almost a ﬁfth less power when horizontal
FLEXCELL • GB-SOL • INPROSOLA L R • NASA • POWERFILM • LA
SOLA L RA • SPECTRALITE • SUN LA March 2012 Sailing Today 47
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USED boaT TEST
56 Sailing Today March 2012
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Jake Frith Meets a sailor who was so iMpressed with the rival 36 he owned FroM new in 1984 that he re-bought the saMe boat in 2011. a lot has changed in the world oF sailing since the 80s, so how would the old girl stack up?
ention Rival yachts and most sailors think of fairly heavy, pretty, bulletproof affairs designed for crossing oceans in safety, with high speed not featuring particularly high on the priorities list. Rival Yachts, in its first iteration, was started by yacht designer Peter Brett in 1967 with the Rival 31, the first one of which was popped out of her mould in 1968. This was quickly followed by the slightly extended 32 and then later with the well respected 34, 41 and 38. The first 36 was launched in 1980, making it the sixth and final Rival from the company in its original form. The Rival 34 in particular had gained many admirers in serious yachting circles following Wild Rival winning the OSTAR transatlantic race on handicap in 1976. The race had been a windy one and the 34 had triumphed in the main due to an ability to plug relentlessly to windward in conditions that had caused many other crews to ease off and yachts to retire. The 36 was launched
with this triumph fresh in the minds of the boating public, to fill a gap between the slightly fuller ended aft cabin 38 and the bulletproof 34. The 36 was a fairly successful design for Rival with 78 hulls being launched from the Woolston, Southampton factory. Later, in the 1980s, Rival Yachts’, like many other boatbuilders’ stories became more complicated, performing and being subjected to various takeovers and mergers featuring Bowman, Starlight and Rustler, all illustrious names in their own right when it comes to world girdling cruising yachts. The 36 was designed from the start with a lift keel variant, the 36C (for centreboard), which has a slightly shorter mast. The lift keel is a GRP foil that operates within an external stub keel with a flat bottom and grounding shoe for drying out safely alongside a harbour wall or similar. It is raised and lowered using a deck mounted winch. The 1984 model we are looking at here has the alternative deep fin keel of encapsulated lead.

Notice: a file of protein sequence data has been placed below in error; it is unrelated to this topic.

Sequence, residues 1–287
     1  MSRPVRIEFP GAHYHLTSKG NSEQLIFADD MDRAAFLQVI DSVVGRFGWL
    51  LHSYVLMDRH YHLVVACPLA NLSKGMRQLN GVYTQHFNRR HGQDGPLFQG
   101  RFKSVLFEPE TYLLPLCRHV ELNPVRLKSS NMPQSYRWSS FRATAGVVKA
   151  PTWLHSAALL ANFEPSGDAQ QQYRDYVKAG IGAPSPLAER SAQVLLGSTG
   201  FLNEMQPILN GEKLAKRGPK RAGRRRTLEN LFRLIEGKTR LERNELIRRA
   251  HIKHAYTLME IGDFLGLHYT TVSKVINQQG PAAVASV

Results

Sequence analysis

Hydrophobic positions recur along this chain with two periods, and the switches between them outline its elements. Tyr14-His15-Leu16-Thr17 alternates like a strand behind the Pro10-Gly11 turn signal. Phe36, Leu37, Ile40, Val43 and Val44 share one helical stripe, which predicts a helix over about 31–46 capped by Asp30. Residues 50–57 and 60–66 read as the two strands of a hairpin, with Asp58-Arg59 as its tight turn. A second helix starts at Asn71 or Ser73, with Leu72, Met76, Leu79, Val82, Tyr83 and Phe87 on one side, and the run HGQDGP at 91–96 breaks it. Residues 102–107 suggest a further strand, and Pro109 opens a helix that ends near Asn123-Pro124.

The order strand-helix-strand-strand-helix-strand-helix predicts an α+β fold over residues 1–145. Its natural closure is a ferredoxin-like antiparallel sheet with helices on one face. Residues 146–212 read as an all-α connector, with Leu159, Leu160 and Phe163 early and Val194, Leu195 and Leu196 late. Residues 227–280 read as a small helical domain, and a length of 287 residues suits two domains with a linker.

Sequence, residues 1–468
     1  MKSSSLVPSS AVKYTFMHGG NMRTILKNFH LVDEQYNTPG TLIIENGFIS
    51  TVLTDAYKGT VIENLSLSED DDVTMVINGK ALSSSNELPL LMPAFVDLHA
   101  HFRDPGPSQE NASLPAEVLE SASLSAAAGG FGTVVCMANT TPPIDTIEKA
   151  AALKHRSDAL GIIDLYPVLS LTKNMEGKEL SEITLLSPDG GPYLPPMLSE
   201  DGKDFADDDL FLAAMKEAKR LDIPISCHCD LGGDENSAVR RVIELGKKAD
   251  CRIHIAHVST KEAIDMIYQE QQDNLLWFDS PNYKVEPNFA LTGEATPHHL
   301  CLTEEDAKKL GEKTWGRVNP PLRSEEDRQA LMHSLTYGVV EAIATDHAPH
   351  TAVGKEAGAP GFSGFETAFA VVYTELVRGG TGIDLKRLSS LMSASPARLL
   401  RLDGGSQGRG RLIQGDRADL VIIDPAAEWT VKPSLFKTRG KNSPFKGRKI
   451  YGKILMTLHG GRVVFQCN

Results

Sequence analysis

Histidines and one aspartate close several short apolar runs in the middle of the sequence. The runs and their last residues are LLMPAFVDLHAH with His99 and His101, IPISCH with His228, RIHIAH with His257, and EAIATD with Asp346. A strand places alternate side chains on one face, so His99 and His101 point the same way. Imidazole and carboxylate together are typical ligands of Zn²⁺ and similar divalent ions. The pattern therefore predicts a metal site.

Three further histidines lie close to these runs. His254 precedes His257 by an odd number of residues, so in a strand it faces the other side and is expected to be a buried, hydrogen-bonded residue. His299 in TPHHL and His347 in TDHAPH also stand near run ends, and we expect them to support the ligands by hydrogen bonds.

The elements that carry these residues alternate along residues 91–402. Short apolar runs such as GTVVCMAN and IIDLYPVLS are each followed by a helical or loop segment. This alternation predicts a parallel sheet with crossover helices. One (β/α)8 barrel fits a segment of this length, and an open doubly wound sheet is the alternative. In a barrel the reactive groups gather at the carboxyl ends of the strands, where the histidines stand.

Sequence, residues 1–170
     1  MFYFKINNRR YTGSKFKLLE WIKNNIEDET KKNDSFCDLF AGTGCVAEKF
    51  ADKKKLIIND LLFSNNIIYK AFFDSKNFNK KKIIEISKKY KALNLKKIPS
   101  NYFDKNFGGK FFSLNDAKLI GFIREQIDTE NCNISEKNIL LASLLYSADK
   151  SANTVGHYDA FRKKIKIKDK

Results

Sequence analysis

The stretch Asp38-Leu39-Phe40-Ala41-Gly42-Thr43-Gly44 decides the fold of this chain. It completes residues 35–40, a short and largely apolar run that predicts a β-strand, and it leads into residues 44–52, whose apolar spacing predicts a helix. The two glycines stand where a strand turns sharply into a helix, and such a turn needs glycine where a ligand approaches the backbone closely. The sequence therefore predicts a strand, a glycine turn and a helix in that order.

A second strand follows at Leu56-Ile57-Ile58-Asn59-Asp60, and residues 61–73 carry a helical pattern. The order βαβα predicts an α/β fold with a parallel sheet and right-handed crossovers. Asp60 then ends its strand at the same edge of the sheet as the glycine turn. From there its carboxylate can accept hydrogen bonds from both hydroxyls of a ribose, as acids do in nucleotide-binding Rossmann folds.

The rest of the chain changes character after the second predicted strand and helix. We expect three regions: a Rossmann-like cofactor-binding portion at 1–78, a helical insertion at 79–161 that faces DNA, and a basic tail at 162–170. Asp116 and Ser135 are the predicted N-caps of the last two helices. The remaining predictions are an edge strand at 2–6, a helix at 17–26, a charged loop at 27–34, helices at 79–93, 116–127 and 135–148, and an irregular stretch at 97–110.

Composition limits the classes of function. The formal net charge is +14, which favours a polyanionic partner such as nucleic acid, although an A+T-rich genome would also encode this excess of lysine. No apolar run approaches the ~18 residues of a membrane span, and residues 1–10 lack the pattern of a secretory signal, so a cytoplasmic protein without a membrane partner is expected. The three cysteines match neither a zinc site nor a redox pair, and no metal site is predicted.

There was a third shallow draught variant offered with Scheel keel. The 36 was offered with sloop rig as standard and cutter rig and furling headsail were offered as options.
About the owner Peter Jones bought Aronele from new in 1984. She soon proved too much of a financial commitment for him and he reluctantly sold her, owning a series of smaller boats through the 80s and 90s, including a Moody 31 and a Puget Sound 34 motoryacht, during a period of his career spent in Canada. Peter’s last boat in the UK was the Etap 26i we tested in May last year, but he was by then feeling the urge to travel further afield in more comfort so had a look to see if any Rivals were on the market. When he saw his old boat, Aronele, for sale in Coleraine she was too good an opportunity to miss.